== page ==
We’re starting to see a new crop of "Mobile 3D" solutions hit the market. So let’s take a minute to see what’s up, what’s coming, and what’s still hype.
For anyone who read the "Second Life on iPhone" stories or saw some demo video, the key take away is that the 3D graphics are not being rendered on the iPhone itself. It’s being rendered on a beefy server somewhere else and delivered essentially as compressed video.
Now, this is not the simplest thing in the world to pull off, by the way. It’s definitely worth some kudos to anyone who can minimize the extra round-trip latency for your controls, improve the UI, encode that video stream cheaply and cleanly, and work out a server co-location solution that doesn’t cost them an arm and a leg.
But there’s the rub. If you were to put a single 1U quad core rendering server in a managed hosting facility (assuming they even support your choice of hardware), it could easily cost you from $1-$5 per hour, every hour. You can probably only serve one rendered video stream per server at any given time without some serious R&D expenditures and some really hot hardware. So you need at least as many servers as your peak customer load, which could be thousands or many thousands if you’re going to make a business out of it, and even cheap hosting might still require you to recoup $1 per server hour. How many people are willing to pay an extra $1 per hour to play a laggy(-er) compressed version of Second Life or Worlds or Warcraft on their iPhone? Any guesses?
Keep in mind, it’s not like serving web pages, where a single server can handle thousands of simultaneous requests because the payloads are so small and relatively infrequent. It’s more like YouTube’s hosting problem, except not even YouTube has to continuously encode each video frame they send you. They do that once, ahead of time, and just serve the files up as fast as they can — they’re probably limited by bandwidth, not CPU.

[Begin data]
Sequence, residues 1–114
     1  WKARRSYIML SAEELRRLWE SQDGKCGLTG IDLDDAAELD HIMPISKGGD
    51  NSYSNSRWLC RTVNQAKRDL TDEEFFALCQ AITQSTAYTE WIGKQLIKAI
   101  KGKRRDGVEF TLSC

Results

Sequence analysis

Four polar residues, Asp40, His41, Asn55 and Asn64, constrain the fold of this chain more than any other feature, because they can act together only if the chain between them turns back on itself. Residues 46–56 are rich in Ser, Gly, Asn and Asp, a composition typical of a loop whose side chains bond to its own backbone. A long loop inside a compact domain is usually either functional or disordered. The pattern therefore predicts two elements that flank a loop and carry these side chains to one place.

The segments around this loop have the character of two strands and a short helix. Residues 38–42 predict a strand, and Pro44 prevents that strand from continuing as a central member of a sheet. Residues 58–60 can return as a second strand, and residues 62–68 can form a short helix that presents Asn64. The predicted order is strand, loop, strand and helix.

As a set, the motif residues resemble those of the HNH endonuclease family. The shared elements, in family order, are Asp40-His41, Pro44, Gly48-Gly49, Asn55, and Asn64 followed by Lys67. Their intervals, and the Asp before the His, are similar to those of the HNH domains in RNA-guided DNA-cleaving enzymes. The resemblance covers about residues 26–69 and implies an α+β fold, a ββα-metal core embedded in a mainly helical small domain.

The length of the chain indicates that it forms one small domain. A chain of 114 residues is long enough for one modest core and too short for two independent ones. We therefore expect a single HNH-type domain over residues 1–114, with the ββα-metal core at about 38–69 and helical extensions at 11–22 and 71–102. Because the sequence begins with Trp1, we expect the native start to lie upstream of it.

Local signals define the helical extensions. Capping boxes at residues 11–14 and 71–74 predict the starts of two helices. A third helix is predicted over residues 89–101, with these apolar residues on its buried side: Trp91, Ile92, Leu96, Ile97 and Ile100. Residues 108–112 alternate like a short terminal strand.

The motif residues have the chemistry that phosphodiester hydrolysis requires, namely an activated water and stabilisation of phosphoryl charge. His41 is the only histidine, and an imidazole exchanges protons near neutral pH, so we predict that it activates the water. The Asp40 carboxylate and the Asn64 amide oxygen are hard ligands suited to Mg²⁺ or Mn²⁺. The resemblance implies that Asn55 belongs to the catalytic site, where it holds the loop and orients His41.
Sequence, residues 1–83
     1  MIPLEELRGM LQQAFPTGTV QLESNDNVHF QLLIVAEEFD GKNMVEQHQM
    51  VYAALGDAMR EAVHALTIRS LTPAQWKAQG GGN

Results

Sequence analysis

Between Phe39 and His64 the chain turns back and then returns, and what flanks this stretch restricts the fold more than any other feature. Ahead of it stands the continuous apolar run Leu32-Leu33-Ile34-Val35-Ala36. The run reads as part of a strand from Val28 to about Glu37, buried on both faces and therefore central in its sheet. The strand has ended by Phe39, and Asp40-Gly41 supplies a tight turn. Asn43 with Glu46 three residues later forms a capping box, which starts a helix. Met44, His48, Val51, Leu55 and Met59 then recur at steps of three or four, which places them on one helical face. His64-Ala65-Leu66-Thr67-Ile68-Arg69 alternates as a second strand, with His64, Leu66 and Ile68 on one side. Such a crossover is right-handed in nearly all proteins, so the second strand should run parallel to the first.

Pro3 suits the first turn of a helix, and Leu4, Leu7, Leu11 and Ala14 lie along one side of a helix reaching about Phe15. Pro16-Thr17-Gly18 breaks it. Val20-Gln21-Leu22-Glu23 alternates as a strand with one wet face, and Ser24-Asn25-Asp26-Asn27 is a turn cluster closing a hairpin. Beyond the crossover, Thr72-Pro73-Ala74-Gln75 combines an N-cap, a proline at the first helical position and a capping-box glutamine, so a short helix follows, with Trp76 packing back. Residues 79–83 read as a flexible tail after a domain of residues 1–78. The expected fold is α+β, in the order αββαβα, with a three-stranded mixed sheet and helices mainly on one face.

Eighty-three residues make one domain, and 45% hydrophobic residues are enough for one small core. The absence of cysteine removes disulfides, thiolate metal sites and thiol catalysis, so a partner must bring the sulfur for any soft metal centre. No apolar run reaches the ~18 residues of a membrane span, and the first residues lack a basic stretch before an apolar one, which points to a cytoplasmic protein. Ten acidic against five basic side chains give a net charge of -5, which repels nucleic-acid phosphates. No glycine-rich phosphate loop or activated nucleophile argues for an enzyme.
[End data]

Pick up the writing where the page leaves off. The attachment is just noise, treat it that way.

This approach is not entirely new. SGI worked on remote rendering and even got a patent based on work of former colleague of mine (who is now at Google). People always want more rendering power than they can currently get on their local machine and using big iron is the only way to cheat Moore’s Law (barring time travel, that is). And remote rendering is common in the hotel business, if you’ve ever seen those video games you can play on your in-room TV.
What I’d personally like to see is something really new. Let’s get that grid computing farm that can speed up key parts of our 3D rendering pipelines. I mean, why send finished compressed video at all? The mobile client can render polygons, flattened to 2D if need be. It just can’t too many things at once, so choose carefully.
It may in fact be more efficient to send compressed polygons, pre-transformed, occlusion culled, and lit, and treat the local graphics hardware as a cool form of device independent 3D video decompressor. Hell, that would even work in Flash. And the benefit is that it could run on generic CPUs. The dedicated 3D hardware is only essential when you’re doing the full render.
While we’re at it, let’s offload the shared physics calculations (which is what SL mainly represents) to the servers. Let’s offload the animation. Let’s offload whatever individual bits and pieces of the mobile app are slowing us down.
But whatever solution we try, let’s also make it future-proof. A Flash client that offloads geometry transformation & lighting to a server would be cool and unique today, but what about in a year or two, when Flash is fully hardware accelerated?
Remember, the same hardware we put in those servers today will be available on mobile phones in 2-4 years. In fact, some of the best "mobile 3D" solutions companies are simply riding that curve, doing their software R&D now so when the phones are ready and popular, they won’t even need the servers.
But what would happen if Intel or AMD or NVidia decided to do the "grid" thing with enough GPUs? Would they even think about cannibalizing their consumer products near-term, or might there be a way for such a service to help sell even more cheap (to them) silicon, and to more devices than they reach today?
Well, Intel seems to be partnering with Comverse on the mobile Second Life demo, so maybe they’re already heading that way.